Tag Archives: Answer Man

From the Desk of Answer Man: Fickle Favorites


Dear Answer Man:

I am in fourth grade, which sucks. The other kids at school are always asking me about my favorite food, favorite color, or favorite brand of sneaker. The problem is that I can never make up my mind. Sometimes I want to eat tacos all day, other days I can’t live without pizza. Some days I like blue and other days red. And once I went to school with a Nike on one foot and a Converse on the other – by accident! I’m in big trouble. Who am I anyway?

~ Tommy Thomas, Age 9

Dear Tommy,

I’m convinced that if Socrates were alive today he would spend all his time at the mall. That’s what it means to live the examined life anymore: to be obsessed with your own consumer choices. So, my fickle young philosopher, you do have a problem, but it’s not that you can’t make up your mind. It’s that your inability to make up your mind bothers you so much. Three thoughts to buck you up:

Fickleness is a hedge against tedium. How boring would it be if you were forced to make a once-and-for-all choice between Mexican and Italian food? Not even Mexicans and Italians want Mexican and Italian for dinner every blessed night.

Fickleness is proof that you’re not dead. Trust me, the day will come when you’ll feel like proof is necessary. But cheer up, consistency is the last thing you should expect from yourself. And I mean that literally: it is the very last thing. Only the dead are consistent.

Fickleness is infinite power. It’s the power of self-definition, first of all. It was Feuerbach or Brillat-Savarin who said it first: ‘you are what you consume.’ There you have the answer to the existential yelp at the end of your letter: Today you are a boy who likes tacos and red and Nikes. Tomorrow you will be a boy who likes pizza and blue and Converse. You can be a different person each day. When you’re a little older and get a job you’ll find that all these various selves are required to share a single bank account, which gets a little crowded, but that’s why credit was invented. Because fickleness is economic power too. As an adult, marketing executives that earn more in a year than you will in ten are going to line up to lick your boots for a buck. Really. Whole industries will rise and fall by your sovereign dime. If it weren’t for your philosophical compulsion to constantly redefine yourself in consumer terms, Tom-Tom, the world economy would collapse – we’d all be dressed in rat skins, eating boiled grass and mashed acorns, and licking salt from the walls of slug-infested caves.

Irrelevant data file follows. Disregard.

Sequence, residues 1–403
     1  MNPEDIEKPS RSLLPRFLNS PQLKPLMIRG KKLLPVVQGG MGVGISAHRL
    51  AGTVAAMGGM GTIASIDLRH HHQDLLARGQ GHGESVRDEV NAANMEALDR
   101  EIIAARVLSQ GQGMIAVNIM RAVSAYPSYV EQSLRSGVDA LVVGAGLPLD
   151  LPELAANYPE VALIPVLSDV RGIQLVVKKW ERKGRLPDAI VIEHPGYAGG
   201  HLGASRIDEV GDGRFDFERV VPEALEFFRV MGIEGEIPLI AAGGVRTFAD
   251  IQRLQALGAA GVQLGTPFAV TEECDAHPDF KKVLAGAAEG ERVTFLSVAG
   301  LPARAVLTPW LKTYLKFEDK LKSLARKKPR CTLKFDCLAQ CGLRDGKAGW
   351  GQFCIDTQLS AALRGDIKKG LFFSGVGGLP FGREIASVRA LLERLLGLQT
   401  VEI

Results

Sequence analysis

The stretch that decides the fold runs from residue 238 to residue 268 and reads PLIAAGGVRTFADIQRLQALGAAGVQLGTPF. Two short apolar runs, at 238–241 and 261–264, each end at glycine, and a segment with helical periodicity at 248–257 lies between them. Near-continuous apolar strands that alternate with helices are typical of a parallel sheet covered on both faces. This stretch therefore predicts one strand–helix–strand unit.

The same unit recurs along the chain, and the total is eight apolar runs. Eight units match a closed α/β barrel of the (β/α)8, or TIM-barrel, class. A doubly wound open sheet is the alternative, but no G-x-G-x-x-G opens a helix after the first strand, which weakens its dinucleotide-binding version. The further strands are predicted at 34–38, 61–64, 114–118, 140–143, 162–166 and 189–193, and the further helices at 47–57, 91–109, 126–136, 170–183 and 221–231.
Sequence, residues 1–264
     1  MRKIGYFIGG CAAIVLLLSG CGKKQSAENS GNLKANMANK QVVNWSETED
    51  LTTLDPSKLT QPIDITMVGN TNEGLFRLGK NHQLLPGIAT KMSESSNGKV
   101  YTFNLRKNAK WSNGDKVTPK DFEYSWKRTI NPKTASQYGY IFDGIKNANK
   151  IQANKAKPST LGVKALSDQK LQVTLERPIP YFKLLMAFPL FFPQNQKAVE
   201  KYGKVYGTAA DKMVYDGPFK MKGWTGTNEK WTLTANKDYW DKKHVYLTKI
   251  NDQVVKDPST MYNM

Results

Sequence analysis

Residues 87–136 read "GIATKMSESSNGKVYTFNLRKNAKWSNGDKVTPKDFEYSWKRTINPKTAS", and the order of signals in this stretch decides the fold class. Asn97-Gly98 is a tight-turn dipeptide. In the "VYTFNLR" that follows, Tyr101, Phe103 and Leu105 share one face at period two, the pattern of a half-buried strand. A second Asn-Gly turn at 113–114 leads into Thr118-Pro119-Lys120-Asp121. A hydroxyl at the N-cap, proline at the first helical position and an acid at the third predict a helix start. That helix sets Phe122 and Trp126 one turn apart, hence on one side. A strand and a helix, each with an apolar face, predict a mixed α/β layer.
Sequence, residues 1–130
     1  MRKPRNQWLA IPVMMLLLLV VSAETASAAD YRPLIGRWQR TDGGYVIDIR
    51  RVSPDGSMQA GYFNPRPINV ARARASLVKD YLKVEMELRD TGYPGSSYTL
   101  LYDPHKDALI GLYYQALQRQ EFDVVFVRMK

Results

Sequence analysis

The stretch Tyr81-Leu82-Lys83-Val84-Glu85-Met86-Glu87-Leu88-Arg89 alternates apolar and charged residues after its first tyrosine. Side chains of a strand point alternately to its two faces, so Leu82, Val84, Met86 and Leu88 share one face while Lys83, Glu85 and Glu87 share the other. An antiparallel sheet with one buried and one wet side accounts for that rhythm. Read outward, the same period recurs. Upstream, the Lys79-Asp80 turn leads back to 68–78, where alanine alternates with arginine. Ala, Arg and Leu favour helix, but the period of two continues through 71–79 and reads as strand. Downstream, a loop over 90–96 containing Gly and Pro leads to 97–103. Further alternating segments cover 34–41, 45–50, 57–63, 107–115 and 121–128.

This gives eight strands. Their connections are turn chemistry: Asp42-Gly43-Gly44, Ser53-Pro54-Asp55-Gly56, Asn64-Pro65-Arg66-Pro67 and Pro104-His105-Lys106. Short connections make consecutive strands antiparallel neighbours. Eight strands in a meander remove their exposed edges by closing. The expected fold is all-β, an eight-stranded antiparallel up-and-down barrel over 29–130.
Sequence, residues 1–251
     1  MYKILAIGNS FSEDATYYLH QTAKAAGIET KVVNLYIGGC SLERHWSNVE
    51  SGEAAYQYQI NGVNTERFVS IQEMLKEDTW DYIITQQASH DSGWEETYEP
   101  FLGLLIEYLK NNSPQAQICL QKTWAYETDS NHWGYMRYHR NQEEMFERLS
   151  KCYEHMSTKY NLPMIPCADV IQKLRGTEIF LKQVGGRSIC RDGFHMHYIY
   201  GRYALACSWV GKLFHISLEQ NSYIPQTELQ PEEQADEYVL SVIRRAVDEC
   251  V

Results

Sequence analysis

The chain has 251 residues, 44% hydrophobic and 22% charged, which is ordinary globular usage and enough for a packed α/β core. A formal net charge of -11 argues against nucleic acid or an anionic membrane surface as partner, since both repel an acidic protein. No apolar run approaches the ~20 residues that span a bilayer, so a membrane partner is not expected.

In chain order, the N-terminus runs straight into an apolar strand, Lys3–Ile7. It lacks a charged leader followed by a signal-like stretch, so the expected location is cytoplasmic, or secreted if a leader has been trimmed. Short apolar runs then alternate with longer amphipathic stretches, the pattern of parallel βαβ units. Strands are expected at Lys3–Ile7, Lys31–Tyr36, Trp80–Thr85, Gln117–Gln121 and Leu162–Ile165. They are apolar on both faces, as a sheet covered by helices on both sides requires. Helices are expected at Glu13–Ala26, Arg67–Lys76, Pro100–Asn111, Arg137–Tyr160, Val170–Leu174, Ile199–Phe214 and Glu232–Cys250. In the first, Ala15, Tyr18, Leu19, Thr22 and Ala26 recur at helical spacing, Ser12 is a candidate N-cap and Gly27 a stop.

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From the Desk of Answer Man: New Year’s Resolutions

Dear Answer Man,

All my friends are making New Year’s resolutions. Where did this custom come from? Have you made any resolutions for the new year?

Sincerely, Maura Less

Miss Less,

Contrary to vulgar belief, New Year’s resolutions were invented (by a royal of Denmark, I think) to provide you and me with a convenient excuse NOT to do something – or, as the case may be, not to not do something, which in practice means to do something that you wanted to do all along. Think about it. If you’re only held to account once a year, it’s easy enough to blow it in the first few days. You’ve resolved to eat no chocolate this year? Oops, it’s the sixth of January and you just ate a delicious chocolate chip cookie which you baked by accident. Don’t worry, there’s always next year. It’s only 359 days away.

See how that works?

Well, that’s one way of answering your question. Here’s another: New Year’s resolutions were invented to guarantee us the pleasure of failure at least once per annum. Because, really, failure is a species of pleasure, quite different from success, and more acute and satisfying the more our failure is total. This explains why it’s a good idea to set yourself a high goal when crafting a New Year’s resolution. Make it, in fact, a stratospherically lofty goal.

Which brings us to your second question, about my own resolutions. As I informed my wife on New Year’s Eve (after a couple gins), my original New Year’s resolution for 2011 was: ‘To have sex with all my favorite Hollywood stars.’

She laughed at this.

It occurred to me while shaving next morning that she probably thought I was making it too hard on myself. I considered myself in the mirror for several minutes. Yes, I decided, she’s right: I am a handsome devil. I wasn’t setting myself an ambitious enough goal for the year. I was far too likely to succeed and would inevitably find myself at year’s end without the toe curling pleasure of the failure I desired. What a thoughtful, supportive wife.

‘Darling,’ I said over a late brunch of eggs and coffee, ‘you were right to laugh at my resolution last night. To sleep with all of my favorite Hollywood stars! What was I thinking? But I’ve thought better now and made a revision. Here it is. Over the course of the next twelve months, I hereby resolve (inshallah) to politely – but firmly – decline sexual overtures from all my favorite Hollywood stars.’

I tell you, Miss Less, I’m already in ecstasies over my certain failure this year.

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